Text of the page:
NASA Activates Deep Space Atomic Clock

An atomic clock that could pave the way for autonomous deep space travel was successfully activated last week and is ready to begin its year-long tech demo, the mission team confirmed on Friday, Aug. 23, 2019. Launched in June, NASA’s Deep Space Atomic Clock is a critical step toward enabling spacecraft to safely navigate themselves in deep space rather than rely on the time-consuming process of receiving directions from Earth.

Developed at NASA’s Jet Propulsion Laboratory in Pasadena, California, the clock is the first timekeeper stable enough to map a spacecraft’s trajectory in deep space while being small enough to fly onboard the spacecraft. A more stable clock can operate farther from Earth, where it needs to work well for longer periods than satellites closer to home.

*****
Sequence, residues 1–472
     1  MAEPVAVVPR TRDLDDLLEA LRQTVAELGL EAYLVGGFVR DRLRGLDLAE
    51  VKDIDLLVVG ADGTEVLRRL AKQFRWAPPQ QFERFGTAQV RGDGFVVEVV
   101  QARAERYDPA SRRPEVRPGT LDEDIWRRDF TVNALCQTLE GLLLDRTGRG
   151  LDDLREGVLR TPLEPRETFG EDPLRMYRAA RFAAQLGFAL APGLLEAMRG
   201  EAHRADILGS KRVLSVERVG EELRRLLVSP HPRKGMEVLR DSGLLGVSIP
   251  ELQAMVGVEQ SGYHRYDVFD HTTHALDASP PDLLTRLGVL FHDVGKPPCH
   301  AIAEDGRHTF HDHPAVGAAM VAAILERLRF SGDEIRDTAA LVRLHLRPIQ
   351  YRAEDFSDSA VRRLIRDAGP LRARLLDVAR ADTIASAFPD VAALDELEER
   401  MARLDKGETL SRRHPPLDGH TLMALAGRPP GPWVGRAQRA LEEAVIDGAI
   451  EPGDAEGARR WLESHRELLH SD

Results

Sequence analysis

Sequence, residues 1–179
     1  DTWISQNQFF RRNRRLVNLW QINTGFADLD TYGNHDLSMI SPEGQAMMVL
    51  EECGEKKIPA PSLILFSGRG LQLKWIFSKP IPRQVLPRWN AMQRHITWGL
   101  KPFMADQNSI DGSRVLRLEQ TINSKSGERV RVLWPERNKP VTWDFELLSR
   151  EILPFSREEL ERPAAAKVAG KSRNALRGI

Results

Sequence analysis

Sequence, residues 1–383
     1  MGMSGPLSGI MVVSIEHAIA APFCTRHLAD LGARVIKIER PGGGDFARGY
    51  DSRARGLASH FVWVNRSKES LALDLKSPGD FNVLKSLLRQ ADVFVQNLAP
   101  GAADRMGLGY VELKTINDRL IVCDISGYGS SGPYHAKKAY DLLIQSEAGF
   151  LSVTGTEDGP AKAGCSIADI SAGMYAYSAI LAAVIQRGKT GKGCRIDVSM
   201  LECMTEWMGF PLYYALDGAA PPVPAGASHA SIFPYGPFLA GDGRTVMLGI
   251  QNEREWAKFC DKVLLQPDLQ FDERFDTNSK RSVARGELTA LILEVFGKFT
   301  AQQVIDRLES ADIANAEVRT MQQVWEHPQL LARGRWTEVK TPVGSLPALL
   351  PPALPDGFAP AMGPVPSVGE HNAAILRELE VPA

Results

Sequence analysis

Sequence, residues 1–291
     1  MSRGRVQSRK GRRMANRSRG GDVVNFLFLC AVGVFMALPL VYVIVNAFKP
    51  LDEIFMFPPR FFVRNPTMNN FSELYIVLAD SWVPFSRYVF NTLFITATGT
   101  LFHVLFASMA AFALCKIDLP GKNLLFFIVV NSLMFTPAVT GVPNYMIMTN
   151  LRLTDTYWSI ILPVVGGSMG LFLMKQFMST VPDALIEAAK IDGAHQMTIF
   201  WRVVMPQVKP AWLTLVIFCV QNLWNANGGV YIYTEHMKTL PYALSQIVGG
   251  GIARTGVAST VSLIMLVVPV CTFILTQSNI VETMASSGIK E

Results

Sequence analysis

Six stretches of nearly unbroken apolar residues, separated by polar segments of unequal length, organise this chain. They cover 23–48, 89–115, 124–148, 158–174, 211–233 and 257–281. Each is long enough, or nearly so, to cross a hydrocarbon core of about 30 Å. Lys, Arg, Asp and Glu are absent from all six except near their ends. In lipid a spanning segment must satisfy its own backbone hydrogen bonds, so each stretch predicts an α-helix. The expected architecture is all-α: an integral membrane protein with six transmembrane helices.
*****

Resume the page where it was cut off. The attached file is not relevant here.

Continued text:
Atomic clocks, like those used in GPS satellites, are used to measure the distance between objects by timing how long it takes a signal to travel from Point A to Point B. For space exploration, atomic clocks must be extremely precise: an error of even one second means the difference between landing on a planet like Mars or missing it by hundreds of thousands of miles. Up to 50 times more stable than the atomic clocks on GPS satellites, the mercury-ion Deep Space Atomic Clock loses one second every 10 million years, as proven in controlled tests on Earth. Now it will test that accuracy in space.

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